You can also use a personal loan to build and improve your credit history, as long as you have a solid credit history and can qualify for loan terms and interest rates that won’t cost too much. There are a number of factors having and paying back a personal loan can influence, but it’s important to use the funds wisely or risk negatively affecting your score.
We found 5 options for your requirement
7.99% - 35.99%Est. APR Range
$2,000 - $36,500Loan Amount
2-6 yearsLoan Term
Good For: Fast funding
8.49% - 35.99%Est. APR Range
$1,000 - $50,000Loan Amount
2-7 yearsLoan Term
Good For: Low loan amount
8.99% - 35.99%Est. APR Range
$2,000 - $50,000Loan Amount
3-5 yearsLoan Term
Good For: Getting funds quickly
9.95% - 35.99%Est. APR Range
$2,000 - $35,000Loan Amount
1-5 yearsLoan Term
Good For: Getting funds quickly
11.69% - 35.99%Est. APR Range
$1,000 - $50,000Loan Amount
3-5 yearsLoan Term
Good For: low income criteria, fast funds
What is a personal loan?
A personal loan is a type of installment loan you can take out from a bank, credit union, or online lender and use the funds for just about any reason. Personal loans can be a good financing option because not only can they be used to pay for things like medical bills, vacations, a wedding, home improvements, car repairs, debt consolidation and more, but they typically are unsecured and come with fixed terms and interest rates, making them easy to budget for and calculate repayment.
Personal loan amounts range from $1,000 to $100,000 with repayment terms ranging from 12 to 84 months. Terms and interest rates depend on factors like the lender, your credit score and history, income, and others, but typically if you have an excellent credit score you will get a lower interest rate.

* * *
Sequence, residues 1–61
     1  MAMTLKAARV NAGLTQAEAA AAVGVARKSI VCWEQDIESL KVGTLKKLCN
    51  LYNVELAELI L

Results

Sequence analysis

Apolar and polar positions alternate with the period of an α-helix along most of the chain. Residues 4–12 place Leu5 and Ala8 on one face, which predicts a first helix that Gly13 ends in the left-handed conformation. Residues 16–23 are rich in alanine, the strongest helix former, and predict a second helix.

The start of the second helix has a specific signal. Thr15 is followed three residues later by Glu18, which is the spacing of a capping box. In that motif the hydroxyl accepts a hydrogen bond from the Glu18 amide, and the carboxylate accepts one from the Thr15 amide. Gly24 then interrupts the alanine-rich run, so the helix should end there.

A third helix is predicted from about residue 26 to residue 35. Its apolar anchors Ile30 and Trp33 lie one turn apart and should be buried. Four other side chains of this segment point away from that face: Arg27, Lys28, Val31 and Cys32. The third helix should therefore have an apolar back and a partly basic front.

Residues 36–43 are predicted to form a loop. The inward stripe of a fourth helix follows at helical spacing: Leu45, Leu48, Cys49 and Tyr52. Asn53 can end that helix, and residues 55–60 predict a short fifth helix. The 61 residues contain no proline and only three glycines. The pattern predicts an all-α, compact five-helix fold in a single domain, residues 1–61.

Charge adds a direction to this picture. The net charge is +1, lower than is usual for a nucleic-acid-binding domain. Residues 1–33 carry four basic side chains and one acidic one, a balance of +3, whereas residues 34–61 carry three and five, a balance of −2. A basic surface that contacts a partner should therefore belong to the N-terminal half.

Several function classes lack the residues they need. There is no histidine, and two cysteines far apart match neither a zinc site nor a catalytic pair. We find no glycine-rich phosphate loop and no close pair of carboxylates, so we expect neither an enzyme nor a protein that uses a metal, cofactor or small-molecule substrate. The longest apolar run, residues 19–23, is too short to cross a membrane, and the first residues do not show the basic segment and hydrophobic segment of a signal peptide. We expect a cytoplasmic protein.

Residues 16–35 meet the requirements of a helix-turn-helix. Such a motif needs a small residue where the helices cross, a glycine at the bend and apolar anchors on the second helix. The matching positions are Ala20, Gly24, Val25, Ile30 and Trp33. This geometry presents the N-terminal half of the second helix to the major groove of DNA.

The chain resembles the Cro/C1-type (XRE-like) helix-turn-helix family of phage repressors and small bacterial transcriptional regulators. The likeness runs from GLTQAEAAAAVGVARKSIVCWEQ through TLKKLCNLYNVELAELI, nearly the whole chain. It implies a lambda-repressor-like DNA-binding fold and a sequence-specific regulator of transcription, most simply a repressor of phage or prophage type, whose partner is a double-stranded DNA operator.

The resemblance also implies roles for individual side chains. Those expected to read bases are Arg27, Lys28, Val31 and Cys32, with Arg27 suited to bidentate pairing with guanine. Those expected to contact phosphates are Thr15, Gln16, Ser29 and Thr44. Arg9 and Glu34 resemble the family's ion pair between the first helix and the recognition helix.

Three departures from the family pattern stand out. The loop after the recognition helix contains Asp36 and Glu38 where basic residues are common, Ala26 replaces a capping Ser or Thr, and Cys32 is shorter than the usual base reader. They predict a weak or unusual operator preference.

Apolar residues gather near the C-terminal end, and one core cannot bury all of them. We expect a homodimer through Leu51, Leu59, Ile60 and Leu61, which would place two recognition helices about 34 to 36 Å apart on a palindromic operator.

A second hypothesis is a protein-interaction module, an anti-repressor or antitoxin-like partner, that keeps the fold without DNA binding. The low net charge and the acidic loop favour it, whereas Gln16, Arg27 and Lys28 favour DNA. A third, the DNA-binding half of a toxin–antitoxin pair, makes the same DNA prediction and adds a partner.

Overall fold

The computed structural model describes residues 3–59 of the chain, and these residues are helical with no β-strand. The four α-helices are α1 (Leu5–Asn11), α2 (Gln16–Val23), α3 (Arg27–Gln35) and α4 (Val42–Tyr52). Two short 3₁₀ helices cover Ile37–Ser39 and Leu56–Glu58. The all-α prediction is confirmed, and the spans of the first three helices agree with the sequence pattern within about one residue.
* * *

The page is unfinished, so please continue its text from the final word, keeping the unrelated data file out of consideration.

Learn More: Everything You Need to Know About Personal Loans
How do personal loans work?
After applying and being approved for a personal loan, the funds will be deposited as a lump sum into your bank account and they can then be used just like cash for whatever you need financed. You’ll then start making monthly payments every month to repay the loan. Keep in mind that the loan will accrue interest, so it’s important to repay the loan within the designated term. Because most personal loans have fixed interest rates, your monthly will be the same.
Learn More: How Do Personal Loans Work?
How to get prequalified for a personal loan?
When shopping for personal loans and comparing lenders, it’s important to get prequalified when you can. This doesn’t affect your credit score but can give you a better idea of your estimated interest rate, loan term, monthly payments, and other information. While this isn’t a guarantee, it can help you more accurately compare your options.
Getting prequalified is easy. In some cases you may receive prequalified offers in the mail with a code and instructions for applying. In other cases, you can use the lender itself or a loan aggregation website. Enter basic information about yourself and get a personalized list of solutions.
Learn More: Pre-Qualified Personal Loans
How can you use a personal loan to build credit?
Your credit score is important – it can affect rates you get on a loan or other funding, whether you’re approved for an apartment or mortgage, and even your insurance rates. If your credit score could use some work, one of the ways to improve it could be by taking out a personal loan.